A leading Birmingham councillor will become a street warden this weekend, patrolling the city’s golden mile to experience a Broad Street party night in full swing.
Coun Waseem Zaffar, the cabinet member for Transport and Environment on Birmingham City Council, will put in a shift as a street warden for the Westside Business Improvement District (BID) on Saturday night (11 May).
Coun Zaffar wants to get a first-hand view of the challenges that the authorities face in looking after the thousands of revellers who flock to Birmingham’s top nightlife district every weekend.
As well as experiencing the sights and sounds of Broad Street from a street warden’s perspective, Coun Zaffar will also speak to local police, venue staff, support workers and the public as the area’s pubs and clubs begin to fill up for the night.
Coun Zaffar said: “I’m really looking forward to becoming a street warden for the evening with Westside BID wardens to get first-hand experience of the challenges and environment on Broad Street.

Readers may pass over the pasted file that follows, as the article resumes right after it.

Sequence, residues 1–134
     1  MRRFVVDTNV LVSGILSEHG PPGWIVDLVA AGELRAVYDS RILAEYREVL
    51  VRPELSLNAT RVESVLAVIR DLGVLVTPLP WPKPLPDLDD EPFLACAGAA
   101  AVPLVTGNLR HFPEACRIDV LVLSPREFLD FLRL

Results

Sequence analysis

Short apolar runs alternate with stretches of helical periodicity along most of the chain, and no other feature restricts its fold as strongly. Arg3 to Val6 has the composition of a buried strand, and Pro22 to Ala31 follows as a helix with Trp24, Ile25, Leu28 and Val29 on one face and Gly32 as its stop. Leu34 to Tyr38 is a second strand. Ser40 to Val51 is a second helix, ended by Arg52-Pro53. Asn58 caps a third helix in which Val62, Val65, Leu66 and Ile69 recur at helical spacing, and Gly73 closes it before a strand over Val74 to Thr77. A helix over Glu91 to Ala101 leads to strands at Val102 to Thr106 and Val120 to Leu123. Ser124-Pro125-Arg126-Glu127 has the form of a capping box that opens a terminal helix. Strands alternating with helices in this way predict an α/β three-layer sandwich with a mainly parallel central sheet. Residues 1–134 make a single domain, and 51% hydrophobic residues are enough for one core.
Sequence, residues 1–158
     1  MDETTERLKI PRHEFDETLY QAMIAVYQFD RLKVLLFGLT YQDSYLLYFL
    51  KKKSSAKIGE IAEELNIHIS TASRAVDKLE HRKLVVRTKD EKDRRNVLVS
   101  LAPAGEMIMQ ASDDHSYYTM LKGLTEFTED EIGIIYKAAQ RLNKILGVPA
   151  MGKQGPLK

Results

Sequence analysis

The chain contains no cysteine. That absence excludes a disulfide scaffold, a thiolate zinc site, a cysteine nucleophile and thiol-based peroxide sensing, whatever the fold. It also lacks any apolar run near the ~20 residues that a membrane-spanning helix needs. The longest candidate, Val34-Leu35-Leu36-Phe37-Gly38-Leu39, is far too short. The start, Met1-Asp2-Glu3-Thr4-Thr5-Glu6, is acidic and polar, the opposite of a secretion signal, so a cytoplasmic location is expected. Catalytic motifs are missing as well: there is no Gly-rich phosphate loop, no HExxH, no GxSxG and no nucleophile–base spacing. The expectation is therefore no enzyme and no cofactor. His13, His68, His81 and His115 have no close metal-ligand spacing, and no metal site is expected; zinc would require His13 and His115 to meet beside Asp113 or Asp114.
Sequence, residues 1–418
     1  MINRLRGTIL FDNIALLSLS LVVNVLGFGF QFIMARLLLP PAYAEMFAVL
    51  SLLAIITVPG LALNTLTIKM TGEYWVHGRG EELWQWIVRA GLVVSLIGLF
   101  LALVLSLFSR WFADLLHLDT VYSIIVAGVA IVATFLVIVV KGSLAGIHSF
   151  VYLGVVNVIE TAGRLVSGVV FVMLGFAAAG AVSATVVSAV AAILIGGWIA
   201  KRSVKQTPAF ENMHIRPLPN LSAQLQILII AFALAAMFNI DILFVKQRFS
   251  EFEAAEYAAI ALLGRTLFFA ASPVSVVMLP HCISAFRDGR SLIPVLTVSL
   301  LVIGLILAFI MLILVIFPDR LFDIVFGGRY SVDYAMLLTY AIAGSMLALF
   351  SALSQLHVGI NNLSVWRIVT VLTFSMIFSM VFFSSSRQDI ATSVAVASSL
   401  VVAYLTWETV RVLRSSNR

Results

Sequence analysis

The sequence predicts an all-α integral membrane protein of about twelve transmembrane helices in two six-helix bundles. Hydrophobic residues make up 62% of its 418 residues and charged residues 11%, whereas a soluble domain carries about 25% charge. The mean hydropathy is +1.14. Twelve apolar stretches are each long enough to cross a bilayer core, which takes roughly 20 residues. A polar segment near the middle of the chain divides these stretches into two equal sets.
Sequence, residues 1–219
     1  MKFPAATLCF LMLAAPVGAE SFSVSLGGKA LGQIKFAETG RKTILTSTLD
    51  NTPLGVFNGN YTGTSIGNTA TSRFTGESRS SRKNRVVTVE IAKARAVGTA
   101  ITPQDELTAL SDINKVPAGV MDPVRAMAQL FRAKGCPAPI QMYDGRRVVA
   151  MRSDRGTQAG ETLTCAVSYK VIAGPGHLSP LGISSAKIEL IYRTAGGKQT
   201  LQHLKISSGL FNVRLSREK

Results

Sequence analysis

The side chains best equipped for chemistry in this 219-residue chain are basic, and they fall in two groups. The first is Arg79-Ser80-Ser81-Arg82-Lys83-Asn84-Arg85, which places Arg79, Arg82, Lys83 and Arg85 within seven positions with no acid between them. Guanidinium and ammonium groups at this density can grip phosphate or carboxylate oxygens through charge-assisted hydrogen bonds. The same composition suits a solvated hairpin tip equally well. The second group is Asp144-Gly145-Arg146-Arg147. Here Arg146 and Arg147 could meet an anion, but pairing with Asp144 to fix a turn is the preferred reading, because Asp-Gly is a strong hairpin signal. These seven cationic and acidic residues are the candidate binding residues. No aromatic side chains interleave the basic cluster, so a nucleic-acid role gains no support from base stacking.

“Hopefully I’ll come across loads of Villa fans celebrating after winning the first leg of their play-off semi-final with the Baggies earlier in the day!
“But seriously, I think it’s really important for local politicians to understand the city they serve, and I’m sure I’ll be able to learn a lot from what goes on in our ‘Golden Mile’ and how the various partners keep everybody as safe as possible.”
Westside BID hopes that Coun Zaffar will be the first of many local politicians to put a shift in as a street warden on Broad Street and the surrounding areas.
Mike Olley, general manager of Westside BID, said: “I’m delighted that Council Zaffar has agreed to experience being a street warden for the evening.
“We’d welcome any other politicians to join us on other nights, as the more people who understand both the opportunities and challenges of the nighttime economy the better.
“They will be able to see how closely we work with West Midlands Police, bar and club door supervisors, taxi companies and other partners to prevent injury and crime and to reduce the fear of crime.”